Back in 2009, we wrote about a Title VII suit that a former associate filed against Mayer Brown. To make a long story short (read our prior posts for the full background), Venus Yvette Springs, an African American woman, alleges that the firm discriminated against her because of her race, and eventually fired her in 2008 during the height of layoff season.
Springs filed her complaint against the Biglaw firm more than two and a half years ago, and in the time since, both parties have filed lengthy motions for summary judgment. Springs, who apparently had some time on her hands, also filed a lawsuit against Ally Financial, claiming that she was wrongfully terminated in retaliation for her suit against Mayer Brown.
On Friday, a federal judge ruled on the motions, and we’ve finally got an update. Will this discrimination suit be allowed to proceed?
Last week, we brought you the story of a former Mayer Brown associate who is suing the firm. We have some more back story on the plaintiff, Venus Yvette Springs, and she certainly sounds like a colorful person.
Before joining Mayer Brown, Springs worked at Cadwalader. According to our tipsters, she left CWT in an interesting fashion:
In her departure email from Cadwalader, she quoted all sorts of religious passages and talked about how she wanted to devote her life to pro bono.
Shortly thereafter, she wound up at Mayer Brown — one of the largest and most profitable law firms on the planet.
In her complaint against Mayer Brown, Springs alleged that the firm did not count her pro bono hours as it had promised. Of course, working in the real estate department at a major firm hardly sounds like a life “devoted to pro bono.” She wants to work with clients who can’t pay, but wants to make sure she gets a plump pay check anyway.
But maybe she needed to support her family. Unconfirmed reports say that her husband is Jules Springs. Jules Springs recently pleaded guilty to mortgage fraud. No word on whether or not Mr. Springs was an equal opportunity defrauder.
After the jump, Venus Springs compares her plight at Mayer Brown to the Holocaust. I wish I were making that up.
A former Mayer Brown associate, Venus Yvette Springs, has filed a complaint against the firm. She alleges Mayer Brown discriminated against her and eventually fired her in 2008.
Springs was an associate in the real estate group of Mayer Brown, Charlotte. In her complaint, she claims that the head of the group, Frank Arado, said that he would make her a partner with the firm as recently as March 2008. But in May 2008, she was informed that she would be fired. She was officially terminated in September of 2008. The heart of her discrimination claim seems to be this paragraph:
In a statement obtained by Above the Law, Mayer Brown strenuously denied the claims:
Mayer Brown has not yet been served with the complaint filed by former employee Yvette Springs. However, based on our current review, we believe her claims have no merit. We will defend ourselves vigorously in this matter. Consistent with our policy of not commenting on personnel matters or pending litigation, we have nothing further to say.
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We currently have a number of active openings for associate roles at US and UK firms in HK / China, Singapore and two new in-house openings. As always, please feel free to reach out to us at firstname.lastname@example.org in order to get details of current openings in Asia, as well as to discuss the Asia markets in general and what we expect for openings later this year. Our Evan Jowers and Robert Kinney will be in Beijing the week of March 25 and Evan Jowers will be in Hong Kong the week of April 1, if you would like to meet them in person.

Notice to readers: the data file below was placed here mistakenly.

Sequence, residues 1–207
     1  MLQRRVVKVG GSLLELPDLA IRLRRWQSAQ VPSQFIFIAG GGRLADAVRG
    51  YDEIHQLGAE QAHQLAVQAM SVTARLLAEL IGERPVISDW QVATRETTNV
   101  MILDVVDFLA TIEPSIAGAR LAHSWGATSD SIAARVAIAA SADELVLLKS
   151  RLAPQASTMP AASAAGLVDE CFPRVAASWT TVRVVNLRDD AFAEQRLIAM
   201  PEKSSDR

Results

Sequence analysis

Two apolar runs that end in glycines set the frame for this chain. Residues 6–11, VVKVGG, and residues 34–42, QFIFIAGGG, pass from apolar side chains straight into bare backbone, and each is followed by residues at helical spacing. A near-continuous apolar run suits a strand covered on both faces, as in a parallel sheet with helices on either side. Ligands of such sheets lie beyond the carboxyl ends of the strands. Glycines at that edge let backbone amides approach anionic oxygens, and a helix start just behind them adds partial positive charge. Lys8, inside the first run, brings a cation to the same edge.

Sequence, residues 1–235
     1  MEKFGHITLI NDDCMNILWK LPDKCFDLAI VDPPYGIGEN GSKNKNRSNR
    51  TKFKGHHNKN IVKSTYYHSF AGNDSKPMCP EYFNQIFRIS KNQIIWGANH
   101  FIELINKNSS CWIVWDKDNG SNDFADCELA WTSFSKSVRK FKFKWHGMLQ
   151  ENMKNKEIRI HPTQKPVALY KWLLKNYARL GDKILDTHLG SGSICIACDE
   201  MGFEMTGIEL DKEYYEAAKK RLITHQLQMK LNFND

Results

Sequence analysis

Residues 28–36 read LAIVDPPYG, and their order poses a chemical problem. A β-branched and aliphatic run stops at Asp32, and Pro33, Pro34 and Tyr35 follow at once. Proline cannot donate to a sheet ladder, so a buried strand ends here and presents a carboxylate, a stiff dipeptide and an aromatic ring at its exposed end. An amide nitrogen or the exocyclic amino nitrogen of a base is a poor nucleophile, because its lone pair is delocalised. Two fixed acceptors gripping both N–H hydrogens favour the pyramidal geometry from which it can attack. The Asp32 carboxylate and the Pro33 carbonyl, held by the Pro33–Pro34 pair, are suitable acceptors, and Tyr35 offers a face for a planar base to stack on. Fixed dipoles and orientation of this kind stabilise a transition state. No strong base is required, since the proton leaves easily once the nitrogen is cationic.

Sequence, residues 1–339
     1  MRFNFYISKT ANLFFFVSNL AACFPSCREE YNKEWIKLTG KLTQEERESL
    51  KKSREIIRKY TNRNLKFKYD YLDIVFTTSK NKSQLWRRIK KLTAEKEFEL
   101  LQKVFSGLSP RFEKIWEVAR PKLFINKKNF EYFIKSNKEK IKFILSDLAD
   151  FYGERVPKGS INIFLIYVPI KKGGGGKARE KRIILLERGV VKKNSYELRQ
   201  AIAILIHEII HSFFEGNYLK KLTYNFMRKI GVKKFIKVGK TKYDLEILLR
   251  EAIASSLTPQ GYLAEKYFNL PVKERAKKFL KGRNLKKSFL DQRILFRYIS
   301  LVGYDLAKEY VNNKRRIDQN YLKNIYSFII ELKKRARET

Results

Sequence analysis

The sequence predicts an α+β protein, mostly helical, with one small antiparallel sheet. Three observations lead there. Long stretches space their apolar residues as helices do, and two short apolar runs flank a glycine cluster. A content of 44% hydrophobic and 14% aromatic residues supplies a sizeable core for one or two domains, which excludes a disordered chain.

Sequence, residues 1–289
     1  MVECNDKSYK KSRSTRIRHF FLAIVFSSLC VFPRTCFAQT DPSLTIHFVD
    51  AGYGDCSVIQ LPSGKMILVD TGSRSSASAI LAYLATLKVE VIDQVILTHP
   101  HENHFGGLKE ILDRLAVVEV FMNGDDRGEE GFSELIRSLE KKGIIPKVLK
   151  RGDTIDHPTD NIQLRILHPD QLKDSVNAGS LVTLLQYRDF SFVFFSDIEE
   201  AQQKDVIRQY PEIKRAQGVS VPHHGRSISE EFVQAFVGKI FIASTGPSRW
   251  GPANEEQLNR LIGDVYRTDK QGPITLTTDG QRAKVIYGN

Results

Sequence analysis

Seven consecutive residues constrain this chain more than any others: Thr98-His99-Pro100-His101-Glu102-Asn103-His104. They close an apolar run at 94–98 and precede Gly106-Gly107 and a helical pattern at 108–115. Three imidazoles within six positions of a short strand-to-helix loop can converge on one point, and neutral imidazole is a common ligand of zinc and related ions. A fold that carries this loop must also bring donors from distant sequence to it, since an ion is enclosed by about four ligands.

The US associate openings we have in law firms are in the usual areas of M&A, cap markets, FCPA / white collar litigation, finance, and project finance. The most urgent of our top tier (top 15 US or magic circle) law firm openings in Asia (among many other firm openings that we have in Asia) are as follows:
• 2nd to 5th year mandarin fluent M&A associates needed in Beijing and Hong Kong at several firms;
• Korean fluent 2nd to 4th year cap markets associate needed in Hong Kong;
• 2nd to 5th year Japanese fluent M&A associates needed in Tokyo;
• 4th to 6th year mandarin fluent cap markets associate needed in Hong Kong;
• 2nd to 4th year M&A / cap markets mix associate needed in Singapore.
The last time I flapped my wings your way, I tried to make at least enough noise about your mobile phone to make you more than a little bit uncomfortable. I hope I did. If enough of us become anxious enough about the known and unknown unknowns and knowns in our mobile phones, then we can start making wise decisions about how to manage that information and its resultant investigations.
Today, I’d like to put a finer point on the last installment’s topic by asking a question that seemed to catch most attendees off-guard at a conference panel that I moderated last week: is there discoverable personal information in a mobile app? Our panelists’ answer was a uniform “yes” with one stating that, if he had to choose only one type of data that he could discover from a mobile phone, he’d choose app data. Why? Because there’s simply so much of it and because almost all of it is objective – not just user-created like an email – but machine-tracked like GPS, usage duration, log in and log out times, browsed web addresses, browsed actual addresses. Also, most of us seem to have the idea that data doesn’t actually “stick” to our mobile devices the way it “sticks” to our hard drives. Maybe there’s a disconnect based on the fact that our phones are mobile so we assume the data is mobile to?
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